Some clinical components (like pharmacy) are requisites for other portions of the EHR. It would be difficult, if not impossible, to have computerized physician order entry without a system to actually deliver the medications to the administering nurse. Historically, medication management systems (pharmacy systems) were designed for supply chain management, not dispensing management. They were intended to ensure the least expensive method for giving a pill, not to address patient safety.
As demonstrated in the illustration, the various departmental systems can be interfaced to feed data into the CDR. A rules engine, or clinical decision support, can overlay most or all of the process in better designed systems. Recognizing the financial stress of having to replace legacy systems such as those for lab and radiology, more vendors allow hospitals to keep existing core ancillaries and interface them into their products. Most major health IT vendors do not have systems that provide coverage for every niche in the hospital, and as discussed below, finding the correct balance between niche vendors and a single-vendor solution is challenging. The most challenging piece is the core product, with order entry and documentation pretty even in degrees of difficulty.
Documentation requirements differ for various users. Nurses in the ICU have different needs than those on a medical or surgical floor, and different physician specialists have wildly different needs as well. As the illustration indicates, transcription services will likely be required for some time, with documents generated by modern word processors imported into the CDR for review by all clinicians (as shown by the arrow). Some system vendors (as well as vendors of stand-alone products) offer voice processing of dictations that automate the transcription process and incorporation into the clinical record.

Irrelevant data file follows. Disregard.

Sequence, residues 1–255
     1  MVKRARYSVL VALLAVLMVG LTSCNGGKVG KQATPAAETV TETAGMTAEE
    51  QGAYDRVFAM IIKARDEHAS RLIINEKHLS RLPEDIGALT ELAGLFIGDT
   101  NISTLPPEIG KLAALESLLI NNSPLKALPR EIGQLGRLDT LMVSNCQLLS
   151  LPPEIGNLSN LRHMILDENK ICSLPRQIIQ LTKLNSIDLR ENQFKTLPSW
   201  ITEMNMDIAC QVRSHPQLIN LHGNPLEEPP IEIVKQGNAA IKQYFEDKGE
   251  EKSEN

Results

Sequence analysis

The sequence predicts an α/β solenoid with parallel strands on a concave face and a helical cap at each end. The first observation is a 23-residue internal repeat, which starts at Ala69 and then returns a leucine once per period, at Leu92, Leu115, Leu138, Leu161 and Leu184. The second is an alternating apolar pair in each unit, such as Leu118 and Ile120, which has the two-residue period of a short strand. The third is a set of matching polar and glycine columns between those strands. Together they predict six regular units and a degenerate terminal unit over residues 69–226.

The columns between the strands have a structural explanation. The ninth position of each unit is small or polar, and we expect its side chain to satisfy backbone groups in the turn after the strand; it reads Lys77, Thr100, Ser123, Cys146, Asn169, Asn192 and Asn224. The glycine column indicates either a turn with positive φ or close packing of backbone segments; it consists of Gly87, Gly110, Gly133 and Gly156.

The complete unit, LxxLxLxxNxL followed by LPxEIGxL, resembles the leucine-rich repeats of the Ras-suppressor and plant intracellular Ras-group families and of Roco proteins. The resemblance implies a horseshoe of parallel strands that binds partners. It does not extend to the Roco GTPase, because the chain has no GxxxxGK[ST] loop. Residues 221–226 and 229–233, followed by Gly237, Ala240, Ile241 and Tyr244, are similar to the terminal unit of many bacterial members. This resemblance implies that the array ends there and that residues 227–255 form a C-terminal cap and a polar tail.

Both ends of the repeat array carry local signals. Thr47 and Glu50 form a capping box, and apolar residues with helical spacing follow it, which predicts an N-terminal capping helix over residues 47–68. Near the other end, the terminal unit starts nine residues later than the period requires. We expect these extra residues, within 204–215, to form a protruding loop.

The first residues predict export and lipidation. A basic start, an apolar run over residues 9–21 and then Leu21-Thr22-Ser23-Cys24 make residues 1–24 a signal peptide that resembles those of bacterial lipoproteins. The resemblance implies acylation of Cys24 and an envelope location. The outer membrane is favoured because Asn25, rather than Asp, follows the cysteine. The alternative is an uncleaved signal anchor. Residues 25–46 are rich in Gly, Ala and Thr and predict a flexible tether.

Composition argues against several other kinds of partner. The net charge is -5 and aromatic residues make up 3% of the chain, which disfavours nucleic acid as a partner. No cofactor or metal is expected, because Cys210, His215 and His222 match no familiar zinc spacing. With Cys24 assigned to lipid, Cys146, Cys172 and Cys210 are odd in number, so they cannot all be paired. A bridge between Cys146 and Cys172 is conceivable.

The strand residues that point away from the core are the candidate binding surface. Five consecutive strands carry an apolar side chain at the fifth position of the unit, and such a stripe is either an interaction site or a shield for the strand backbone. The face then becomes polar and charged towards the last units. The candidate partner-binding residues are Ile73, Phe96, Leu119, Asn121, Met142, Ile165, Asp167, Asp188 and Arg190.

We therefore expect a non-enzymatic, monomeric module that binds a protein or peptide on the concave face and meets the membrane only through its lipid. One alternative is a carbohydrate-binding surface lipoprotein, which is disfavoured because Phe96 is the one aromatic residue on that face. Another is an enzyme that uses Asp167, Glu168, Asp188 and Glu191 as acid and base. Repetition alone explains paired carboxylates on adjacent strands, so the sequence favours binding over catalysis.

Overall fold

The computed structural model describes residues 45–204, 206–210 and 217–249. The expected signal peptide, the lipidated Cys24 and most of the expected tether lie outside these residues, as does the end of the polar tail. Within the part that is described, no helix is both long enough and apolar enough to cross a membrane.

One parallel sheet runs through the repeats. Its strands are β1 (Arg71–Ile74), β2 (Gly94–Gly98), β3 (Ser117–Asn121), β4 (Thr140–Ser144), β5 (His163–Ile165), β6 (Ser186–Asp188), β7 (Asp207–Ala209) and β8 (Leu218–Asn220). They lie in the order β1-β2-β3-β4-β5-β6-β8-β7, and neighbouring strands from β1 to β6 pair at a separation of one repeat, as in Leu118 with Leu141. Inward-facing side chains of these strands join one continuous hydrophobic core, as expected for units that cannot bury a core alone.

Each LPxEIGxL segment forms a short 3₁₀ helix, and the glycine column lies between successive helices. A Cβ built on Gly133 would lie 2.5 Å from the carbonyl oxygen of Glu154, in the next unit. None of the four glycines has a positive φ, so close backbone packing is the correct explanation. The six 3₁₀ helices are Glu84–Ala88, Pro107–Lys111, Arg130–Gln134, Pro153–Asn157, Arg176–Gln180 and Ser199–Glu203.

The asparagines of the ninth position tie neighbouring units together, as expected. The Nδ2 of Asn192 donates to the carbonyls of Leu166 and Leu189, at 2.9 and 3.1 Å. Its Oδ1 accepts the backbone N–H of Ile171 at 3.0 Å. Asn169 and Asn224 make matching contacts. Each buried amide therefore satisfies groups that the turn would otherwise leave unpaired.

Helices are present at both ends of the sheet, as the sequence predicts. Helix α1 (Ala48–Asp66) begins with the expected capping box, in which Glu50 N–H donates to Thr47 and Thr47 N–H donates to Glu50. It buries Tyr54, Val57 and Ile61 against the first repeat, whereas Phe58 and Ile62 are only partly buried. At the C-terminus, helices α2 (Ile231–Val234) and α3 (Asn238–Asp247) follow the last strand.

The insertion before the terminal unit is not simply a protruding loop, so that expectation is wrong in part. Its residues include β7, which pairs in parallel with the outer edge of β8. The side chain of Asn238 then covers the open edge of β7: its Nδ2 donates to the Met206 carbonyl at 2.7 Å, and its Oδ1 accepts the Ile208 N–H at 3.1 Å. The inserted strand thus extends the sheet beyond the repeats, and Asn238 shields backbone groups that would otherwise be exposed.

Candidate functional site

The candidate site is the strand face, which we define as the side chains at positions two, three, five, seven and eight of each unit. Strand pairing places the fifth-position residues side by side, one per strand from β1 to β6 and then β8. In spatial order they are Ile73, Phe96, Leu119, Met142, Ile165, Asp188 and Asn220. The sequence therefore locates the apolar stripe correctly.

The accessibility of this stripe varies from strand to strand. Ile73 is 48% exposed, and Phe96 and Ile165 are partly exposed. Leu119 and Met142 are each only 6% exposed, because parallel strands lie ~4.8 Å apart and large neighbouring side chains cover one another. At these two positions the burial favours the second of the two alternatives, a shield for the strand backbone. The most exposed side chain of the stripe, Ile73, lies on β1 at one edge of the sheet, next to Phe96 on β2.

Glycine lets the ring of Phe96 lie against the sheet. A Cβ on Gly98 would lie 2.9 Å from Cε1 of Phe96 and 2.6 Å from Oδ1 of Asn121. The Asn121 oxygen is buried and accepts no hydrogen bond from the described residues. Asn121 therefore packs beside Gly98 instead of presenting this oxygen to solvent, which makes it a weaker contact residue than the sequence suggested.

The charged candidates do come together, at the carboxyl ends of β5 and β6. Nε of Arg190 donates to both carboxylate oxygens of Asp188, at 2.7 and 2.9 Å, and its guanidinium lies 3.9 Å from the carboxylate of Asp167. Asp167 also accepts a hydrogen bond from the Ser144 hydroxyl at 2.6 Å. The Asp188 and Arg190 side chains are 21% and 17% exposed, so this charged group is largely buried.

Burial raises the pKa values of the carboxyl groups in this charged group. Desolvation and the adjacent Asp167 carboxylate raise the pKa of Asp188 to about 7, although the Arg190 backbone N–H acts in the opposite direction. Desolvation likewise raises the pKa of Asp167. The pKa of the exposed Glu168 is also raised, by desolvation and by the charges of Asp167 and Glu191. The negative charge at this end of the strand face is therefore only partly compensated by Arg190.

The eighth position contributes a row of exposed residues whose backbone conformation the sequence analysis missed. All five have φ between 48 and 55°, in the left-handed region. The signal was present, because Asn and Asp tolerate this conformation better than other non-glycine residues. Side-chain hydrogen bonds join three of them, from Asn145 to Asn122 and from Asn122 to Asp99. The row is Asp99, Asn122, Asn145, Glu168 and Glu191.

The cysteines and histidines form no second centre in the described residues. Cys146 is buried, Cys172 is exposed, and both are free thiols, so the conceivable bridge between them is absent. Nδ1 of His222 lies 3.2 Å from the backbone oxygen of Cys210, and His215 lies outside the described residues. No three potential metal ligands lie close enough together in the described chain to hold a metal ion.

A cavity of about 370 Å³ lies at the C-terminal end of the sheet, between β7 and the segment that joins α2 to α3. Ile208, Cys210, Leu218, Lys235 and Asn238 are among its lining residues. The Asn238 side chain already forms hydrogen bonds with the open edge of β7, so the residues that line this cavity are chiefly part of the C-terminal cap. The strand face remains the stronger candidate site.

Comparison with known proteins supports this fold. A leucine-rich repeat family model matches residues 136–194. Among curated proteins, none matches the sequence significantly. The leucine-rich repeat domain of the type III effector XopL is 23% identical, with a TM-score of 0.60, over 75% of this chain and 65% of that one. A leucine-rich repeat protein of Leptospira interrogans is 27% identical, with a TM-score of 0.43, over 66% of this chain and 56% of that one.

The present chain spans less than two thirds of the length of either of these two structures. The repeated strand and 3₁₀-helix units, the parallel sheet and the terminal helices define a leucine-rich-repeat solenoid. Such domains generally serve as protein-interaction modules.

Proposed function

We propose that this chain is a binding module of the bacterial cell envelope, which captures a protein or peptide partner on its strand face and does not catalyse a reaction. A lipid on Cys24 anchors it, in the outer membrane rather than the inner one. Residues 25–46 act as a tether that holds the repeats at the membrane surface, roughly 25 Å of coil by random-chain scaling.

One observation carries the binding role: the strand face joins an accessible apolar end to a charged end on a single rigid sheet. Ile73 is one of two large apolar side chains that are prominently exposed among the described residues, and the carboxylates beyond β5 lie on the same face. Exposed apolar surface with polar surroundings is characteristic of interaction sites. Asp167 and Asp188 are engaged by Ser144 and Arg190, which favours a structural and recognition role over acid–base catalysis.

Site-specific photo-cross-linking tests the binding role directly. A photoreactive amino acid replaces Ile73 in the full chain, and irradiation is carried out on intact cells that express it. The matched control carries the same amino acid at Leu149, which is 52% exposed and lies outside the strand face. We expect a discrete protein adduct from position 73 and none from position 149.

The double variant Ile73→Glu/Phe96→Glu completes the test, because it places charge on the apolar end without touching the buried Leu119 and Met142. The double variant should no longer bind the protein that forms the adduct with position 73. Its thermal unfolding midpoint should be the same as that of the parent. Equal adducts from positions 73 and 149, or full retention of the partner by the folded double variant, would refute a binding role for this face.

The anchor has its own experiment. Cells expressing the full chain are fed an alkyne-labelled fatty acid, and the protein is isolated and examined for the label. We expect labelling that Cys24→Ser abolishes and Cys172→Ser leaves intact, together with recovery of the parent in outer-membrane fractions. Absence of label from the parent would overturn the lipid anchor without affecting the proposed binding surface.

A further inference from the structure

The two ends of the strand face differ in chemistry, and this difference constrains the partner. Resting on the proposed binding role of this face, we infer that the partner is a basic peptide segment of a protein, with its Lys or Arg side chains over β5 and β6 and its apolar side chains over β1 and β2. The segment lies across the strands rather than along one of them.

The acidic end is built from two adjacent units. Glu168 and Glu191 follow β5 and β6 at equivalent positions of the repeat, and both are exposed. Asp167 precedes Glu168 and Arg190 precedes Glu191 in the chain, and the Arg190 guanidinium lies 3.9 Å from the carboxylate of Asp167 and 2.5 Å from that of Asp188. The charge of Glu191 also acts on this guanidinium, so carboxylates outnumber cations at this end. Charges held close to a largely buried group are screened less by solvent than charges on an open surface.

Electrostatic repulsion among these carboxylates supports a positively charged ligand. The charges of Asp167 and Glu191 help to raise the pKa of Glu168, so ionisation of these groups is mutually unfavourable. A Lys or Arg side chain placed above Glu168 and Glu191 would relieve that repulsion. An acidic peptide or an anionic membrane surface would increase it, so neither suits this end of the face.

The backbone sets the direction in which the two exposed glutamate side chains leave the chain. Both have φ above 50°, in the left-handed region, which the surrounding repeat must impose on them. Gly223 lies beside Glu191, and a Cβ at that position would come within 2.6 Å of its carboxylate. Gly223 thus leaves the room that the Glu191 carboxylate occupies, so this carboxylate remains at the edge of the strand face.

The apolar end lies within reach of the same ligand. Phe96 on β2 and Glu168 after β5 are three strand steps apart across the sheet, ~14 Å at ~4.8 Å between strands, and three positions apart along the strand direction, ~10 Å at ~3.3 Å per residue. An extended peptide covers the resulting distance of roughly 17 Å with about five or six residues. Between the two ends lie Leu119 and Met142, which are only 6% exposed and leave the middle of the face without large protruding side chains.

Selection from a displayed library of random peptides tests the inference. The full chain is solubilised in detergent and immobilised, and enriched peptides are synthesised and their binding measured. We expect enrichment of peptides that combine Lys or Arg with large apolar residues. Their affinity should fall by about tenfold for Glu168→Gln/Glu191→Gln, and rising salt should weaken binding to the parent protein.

Integration between the ordering system (the core computerized physician order entry) and the medication management system (the pharmacy) and the dispensing system (which can be either the core ordering system or the pharmacy) requires an implementation team that truly understands the implications of choices before it. Nursing, physician, and pharmacist users will all be affected greatly by the team's decisions.
The illustration shows a typical EHR system, but not all systems operate off a CDR. This, of course, presents the problem of data that reside in different systems, or in different parts of the same system. Extraction of the data is difficult or impossible. Likewise, such a system cannot offer universal clinical decision support. It can be an extremely difficult sale for a vendor who does not provide clinical decision support, as most of the value for patient safety and quality of care comes from the ability to alert users of existing or potential problems.